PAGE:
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Re: [Scheme-reports] Comments on draft 6 about call/cc

A forwarded message from Oleg.

From: oleg@x
Date: 22 Feb 2012 11:01:57 -0000
Re: [Scheme-reports] Fwd: Comments on draft 6 about call/cc

 It would be difficult to do this without a suitably powerful
 replacement.  Imagine the headlines: "Scheme backtracks on call/cc" ;-)

Relegating to optional status won't probably change much in the short
term. Most Scheme systems will still support call/cc for the time
being. In the meanwhile, we can discuss powerful alternatives, which
do exists.

As to removing call/cc, I recall a talk at the Continuation Fest 2008
by a prominent Ruby developer, who was quite upset at call/cc 
added to Ruby without thinking through all the consequences. His
mildest proposal was to rename call/cc to something much longer than

 [*] To implement a delimited call/cc on top of prompt and abort, you
 would need an additional operator that captures a partial continuation,
 but without unwinding the prompt. 

Not at all: see the definition of the `delimited' call/cc (called
cwcc) in terms of shift in Scheme48 distribution:


(which has been there since about 1994).

 Why generators, when delimited continuations can implement them

Generators are a wide term, some versions of generators are equivalent
(equi-expressible) to shift/reset. Roshan James and Amr Sabry have
written a paper about all kinds of generators, arguing for the
generator interface.
(and other papers and talks on generators on Amr Sabry's page).

There is one notable advantage of generator interface is simplifying
the definition of dynamic-wind.

I have dug my old code showing that with shift-reset, dynamic-wind can
be implemented as a regular user function. Currently dynamic-wind is
one of the most complex functions (whose formal semantics is not
given, neither in R5RS nor R7RS). With shift-reset, dynamic-wind
becomes ordinary user-defined function that doesn't even have to be 
in a library. If we use ordinary shift/reset, the user has to provide
the functions cont-captured? and cont-replace. With the generator
interface, these extra functions are not needed and dynamic-wind winds
and unwinds generically.

	I'm enclosing the old code with a bit of explanations.

Fortunately, with delimited continuations, dynamic-wind is not needed
as a primitive and so requires no support the system.  If needed, the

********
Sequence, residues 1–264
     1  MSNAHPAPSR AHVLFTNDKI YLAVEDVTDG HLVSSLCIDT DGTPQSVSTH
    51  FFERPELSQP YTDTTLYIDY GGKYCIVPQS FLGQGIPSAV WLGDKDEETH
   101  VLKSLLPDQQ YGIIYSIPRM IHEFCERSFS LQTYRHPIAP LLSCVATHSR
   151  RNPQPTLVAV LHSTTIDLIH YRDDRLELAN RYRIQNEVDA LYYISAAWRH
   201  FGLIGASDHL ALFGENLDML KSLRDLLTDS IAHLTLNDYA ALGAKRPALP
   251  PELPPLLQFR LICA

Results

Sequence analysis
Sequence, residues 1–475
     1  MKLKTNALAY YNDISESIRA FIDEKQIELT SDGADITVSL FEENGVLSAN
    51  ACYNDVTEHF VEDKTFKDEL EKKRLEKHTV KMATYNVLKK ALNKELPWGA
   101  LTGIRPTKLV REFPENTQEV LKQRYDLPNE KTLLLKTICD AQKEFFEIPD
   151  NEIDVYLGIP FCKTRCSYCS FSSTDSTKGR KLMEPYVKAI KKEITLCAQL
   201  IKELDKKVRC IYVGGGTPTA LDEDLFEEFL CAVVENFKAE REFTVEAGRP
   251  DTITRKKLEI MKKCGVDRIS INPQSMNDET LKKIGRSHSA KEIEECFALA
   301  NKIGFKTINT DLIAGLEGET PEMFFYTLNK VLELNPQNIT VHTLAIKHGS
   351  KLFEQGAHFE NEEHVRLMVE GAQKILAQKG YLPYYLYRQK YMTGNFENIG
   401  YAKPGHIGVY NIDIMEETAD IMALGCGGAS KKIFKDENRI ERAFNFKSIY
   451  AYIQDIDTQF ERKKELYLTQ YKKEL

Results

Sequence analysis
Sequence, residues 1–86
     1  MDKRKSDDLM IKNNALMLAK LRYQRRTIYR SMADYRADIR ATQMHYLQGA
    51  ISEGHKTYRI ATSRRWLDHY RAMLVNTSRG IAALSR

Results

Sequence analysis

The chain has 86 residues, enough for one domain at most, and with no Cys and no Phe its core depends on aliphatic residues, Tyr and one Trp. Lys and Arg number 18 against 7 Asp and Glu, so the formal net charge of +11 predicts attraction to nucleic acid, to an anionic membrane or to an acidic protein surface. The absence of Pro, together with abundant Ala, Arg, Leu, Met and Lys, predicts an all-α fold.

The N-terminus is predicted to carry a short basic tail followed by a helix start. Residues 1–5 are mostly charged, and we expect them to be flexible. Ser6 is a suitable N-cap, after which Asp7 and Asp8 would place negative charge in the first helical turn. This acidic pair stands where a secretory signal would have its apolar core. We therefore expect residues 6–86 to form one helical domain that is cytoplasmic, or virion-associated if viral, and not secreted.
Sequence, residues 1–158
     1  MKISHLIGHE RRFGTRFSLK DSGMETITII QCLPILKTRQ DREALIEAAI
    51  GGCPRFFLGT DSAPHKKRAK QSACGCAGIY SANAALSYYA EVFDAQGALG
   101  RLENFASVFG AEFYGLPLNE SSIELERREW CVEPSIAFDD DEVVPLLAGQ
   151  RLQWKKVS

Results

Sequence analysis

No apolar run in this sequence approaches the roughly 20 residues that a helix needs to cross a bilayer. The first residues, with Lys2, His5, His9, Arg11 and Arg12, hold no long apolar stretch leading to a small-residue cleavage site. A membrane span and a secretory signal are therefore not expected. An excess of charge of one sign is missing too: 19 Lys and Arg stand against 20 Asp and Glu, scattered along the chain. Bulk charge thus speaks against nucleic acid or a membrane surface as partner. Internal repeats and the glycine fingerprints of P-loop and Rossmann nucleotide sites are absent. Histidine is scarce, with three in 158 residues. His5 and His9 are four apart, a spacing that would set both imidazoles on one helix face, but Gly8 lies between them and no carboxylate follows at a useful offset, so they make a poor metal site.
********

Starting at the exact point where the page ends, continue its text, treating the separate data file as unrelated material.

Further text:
user can encode dynamic-wind by himself. For example, suppose we wish
to capture a continuation that contains a file opening operation. We
wish the file to be closed when the continuation is captured, and
re-opened when the continuation is reinvoked. That is, we wish to
emulate the following Scheme code

       (define (foo)
	(let ((port #f))
	    (lambda ()
		(display "opening the port") (newline)
		(set! port (open-input-file "/etc/motd")))
	    (lambda () 
		  (lambda (k)
			(lambda () (list k (lambda () port) (read port)))))))
	    (lambda () 
		(display "closing the port") (newline)
		(close-input-port port) (set! port #f)))))

	(let ((kr (foo)))
	  (display kr) (newline)
	  (if (and (pair? kr) (procedure? (car kr)))
	    ((car kr) (lambda () (read ((cadr kr)))))))

The above code prints the following:

opening the port
closing the port
(#<system continuation> #<procedure> freebsd)
opening the port
closing the port

With shift-reset, we can code our own dynamic-wind below. It works
like the usual dynamic-wind, only with two additional arguments. The
first one, cont-captured?, is a procedure that determines if the thunk
has attempted to capture the continuation, and if so, return it.
The second procedure should replace the continuation part of thunk's
result with the new continuation.

(define (my-dyn-wind cont-captured? cont-replace
	  before-thunk thunk after-thunk)
 (let loop ((th (lambda () (reset (thunk)))))
    (let ((res (th)))
      (let ((captured-k (cont-captured? res)))
	(if captured-k
	   (let ((reenter (shift k (cont-replace k res))))
	     (loop (lambda () (captured-k reenter))))

     (define (bar)
	(let ((port #f))
	    (lambda (res) (and (pair? res) (procedure? (car res)) (car res)))
	    (lambda (knew res) (cons knew (cdr res)))
	    (lambda ()
		(display "opening the port") (newline)
		(set! port (open-input-file "/etc/motd")))
	    (lambda () 
		((shift k (list k (lambda () port) (read port)))))
	    (lambda () 
		(display "closing the port") (newline)
		(close-input-port port) (set! port #f)))))

(let ((kr (reset (bar))))
  (display kr) (newline)
  (let ((krnew ((car kr) (lambda () (read ((cadr kr)))))))
     (display krnew) (newline)))

The printed result is the same as that of the first example.

The definition of bar is almost the same as that of foo. However,
using (bar) is more intuitive than using (foo): the invocation of
(bar) does return once, as if bar were a regular function, which it
is. In contrast, the invocation of (foo) in the call/cc example is
weird: (foo) has returned twice.

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